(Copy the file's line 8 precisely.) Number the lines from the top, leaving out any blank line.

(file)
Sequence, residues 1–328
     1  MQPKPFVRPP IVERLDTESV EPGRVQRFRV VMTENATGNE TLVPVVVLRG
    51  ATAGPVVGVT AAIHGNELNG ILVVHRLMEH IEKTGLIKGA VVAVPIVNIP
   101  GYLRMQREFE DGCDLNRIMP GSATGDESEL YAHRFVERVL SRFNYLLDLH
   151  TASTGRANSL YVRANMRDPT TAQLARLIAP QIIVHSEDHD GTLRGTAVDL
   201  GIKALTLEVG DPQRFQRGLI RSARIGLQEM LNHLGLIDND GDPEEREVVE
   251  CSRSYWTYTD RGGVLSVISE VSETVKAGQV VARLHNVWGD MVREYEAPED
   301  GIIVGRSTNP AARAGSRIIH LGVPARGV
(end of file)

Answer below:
   301  GIIVGRSTNP AARAGSRIIH LGVPARGV